Huntingdon’s new budget provides funds for upgrades

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Huntingdon’s new budget of $58.3 million will continue to build infrastructure and lay the ground work to secure the needs of future generations. The prior year’s tax rate of $1.2487 is in place for the current fiscal year.

“By working together, we have accomplished many upgrades for our town, including street and sidewalk improvements, additional park facilities and renovation of existing parks, water and sewer extensions and upgrades, improvements to the downtown and business districts, lowering the ISO rating that reduces the cost of property insurance within the city limits” said Vice Mayor Nina Smothers, who is now mayor. The town continues to provide excellent police and fire protection for our hometown.”

The town’s most valuable assets are the town’s employees which will receive a 30 cents per hour raise and the continuation of employee benefits including $8,850 per employee for insurance premiums and funding the employees’ health savings account and life insurance coverage for the employees in the amount of $50,000 each.

Capital purchases include the purchase of a pumper truck for the Fire Department and two tandem dump trucks for Public Works through a capital outlay note and seventeen vehicles for various departments, including the Police Department.

The Utility Fund budget includes several capital projects including the completion of the Emergency Sewer Repairs on Gin Street, East Main Street water line replacement and automatic meter readers funded through the State Revolving Fund, and installation of a sewer pump station in the 1,000 Acre Lake area.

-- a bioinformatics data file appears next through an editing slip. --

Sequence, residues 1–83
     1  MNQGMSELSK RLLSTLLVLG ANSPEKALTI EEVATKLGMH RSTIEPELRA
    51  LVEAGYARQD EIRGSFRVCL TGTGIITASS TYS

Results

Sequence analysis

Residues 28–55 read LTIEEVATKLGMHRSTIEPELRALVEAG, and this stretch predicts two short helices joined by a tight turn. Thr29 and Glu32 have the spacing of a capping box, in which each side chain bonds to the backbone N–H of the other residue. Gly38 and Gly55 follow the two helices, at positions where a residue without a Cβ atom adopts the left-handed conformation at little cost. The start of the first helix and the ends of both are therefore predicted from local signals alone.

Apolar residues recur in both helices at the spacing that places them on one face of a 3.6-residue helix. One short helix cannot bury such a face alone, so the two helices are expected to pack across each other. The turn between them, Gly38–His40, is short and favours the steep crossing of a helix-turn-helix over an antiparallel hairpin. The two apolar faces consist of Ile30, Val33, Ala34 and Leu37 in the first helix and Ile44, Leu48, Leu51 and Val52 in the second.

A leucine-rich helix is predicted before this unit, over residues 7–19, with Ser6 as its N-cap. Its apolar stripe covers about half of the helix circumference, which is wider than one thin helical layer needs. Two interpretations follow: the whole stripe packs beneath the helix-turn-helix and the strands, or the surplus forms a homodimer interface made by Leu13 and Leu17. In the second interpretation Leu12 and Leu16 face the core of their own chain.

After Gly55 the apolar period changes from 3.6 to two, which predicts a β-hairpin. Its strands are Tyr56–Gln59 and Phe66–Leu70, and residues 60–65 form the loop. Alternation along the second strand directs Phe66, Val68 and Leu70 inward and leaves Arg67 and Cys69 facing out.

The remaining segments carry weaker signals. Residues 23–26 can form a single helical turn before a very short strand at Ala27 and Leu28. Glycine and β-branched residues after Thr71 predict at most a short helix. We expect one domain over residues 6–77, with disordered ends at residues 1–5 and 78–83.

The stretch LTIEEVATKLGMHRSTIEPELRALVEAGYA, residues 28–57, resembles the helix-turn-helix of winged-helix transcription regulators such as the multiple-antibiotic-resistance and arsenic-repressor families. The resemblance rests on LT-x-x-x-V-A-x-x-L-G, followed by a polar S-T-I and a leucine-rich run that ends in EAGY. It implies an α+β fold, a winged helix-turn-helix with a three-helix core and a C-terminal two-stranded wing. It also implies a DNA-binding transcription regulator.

The new budget allows for consideration of the equipment needs for the town.

Concerning the transfer to the Carroll County Watershed Authority, the Watershed Authority has $19,000 in wheel tax funds remaining from  CY22 second quarter. A transfer from the town in the amount of $32,000 may be required, if the appropriated funds are not received from the state by the debt payment due on Aug. 25. However, the funds were received..

The balance remaining on The Dixie debt is $460,000 which is to be retired in four years.

There are two costly projects involving lagoon equipment replacement to be completed.

One is the Barnett Street Lagoon that will costs $250,000 without blowers and $800,000 with blowers installation, and engineering. The estimated cost for the Hwy. 22 lagoon equipment is $1,200,000.

The American Rescue Plan funds and TDEC Water Infrastructure Investment Plan grant funding  have been discussed. Huntingdon’s allocation is $1,249,471.59. A local contribution of $88,947.16 is required in order for the town to participate. The town must apply for it and funds are required to be used for utilities.

Smothers attended a recent seminar pertaining to the County Master Plan which will assist with future grant funding. Grant applications are due October for writing a plan.

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